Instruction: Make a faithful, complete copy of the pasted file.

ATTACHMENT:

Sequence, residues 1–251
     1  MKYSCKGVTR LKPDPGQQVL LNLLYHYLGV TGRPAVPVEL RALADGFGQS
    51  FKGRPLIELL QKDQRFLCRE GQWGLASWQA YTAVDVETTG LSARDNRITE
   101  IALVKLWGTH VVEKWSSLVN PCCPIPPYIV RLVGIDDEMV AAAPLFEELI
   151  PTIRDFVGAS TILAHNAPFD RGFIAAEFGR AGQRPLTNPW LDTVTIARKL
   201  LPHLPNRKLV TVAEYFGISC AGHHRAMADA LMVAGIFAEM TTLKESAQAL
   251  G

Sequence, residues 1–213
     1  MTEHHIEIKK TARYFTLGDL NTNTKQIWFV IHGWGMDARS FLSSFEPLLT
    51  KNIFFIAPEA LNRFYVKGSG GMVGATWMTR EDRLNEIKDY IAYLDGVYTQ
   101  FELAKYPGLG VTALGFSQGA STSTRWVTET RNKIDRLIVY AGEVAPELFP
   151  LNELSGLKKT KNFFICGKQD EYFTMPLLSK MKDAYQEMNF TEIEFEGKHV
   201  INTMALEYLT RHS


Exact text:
Sequence, residues 1–251
     1  MKYSCKGVTR LKPDPGQQVL LNLLYHYLGV TGRPAVPVEL RALADGFGQS
    51  FKGRPLIELL QKDQRFLCRE GQWGLASWQA YTAVDVETTG LSARDNRITE
   101  IALVKLWGTH VVEKWSSLVN PCCPIPPYIV RLVGIDDEMV AAAPLFEELI
   151  PTIRDFVGAS TILAHNAPFD RGFIAAEFGR AGQRPLTNPW LDTVTIARKL
   201  LPHLPNRKLV TVAEYFGISC AGHHRAMADA LMVAGIFAEM TTLKESAQAL
   251  G

Sequence, residues 1–213
     1  MTEHHIEIKK TARYFTLGDL NTNTKQIWFV IHGWGMDARS FLSSFEPLLT
    51  KNIFFIAPEA LNRFYVKGSG GMVGATWMTR EDRLNEIKDY IAYLDGVYTQ
   101  FELAKYPGLG VTALGFSQGA STSTRWVTET RNKIDRLIVY AGEVAPELFP
   151  LNELSGLKKT KNFFICGKQD EYFTMPLLSK MKDAYQEMNF TEIEFEGKHV
   201  INTMALEYLT RHS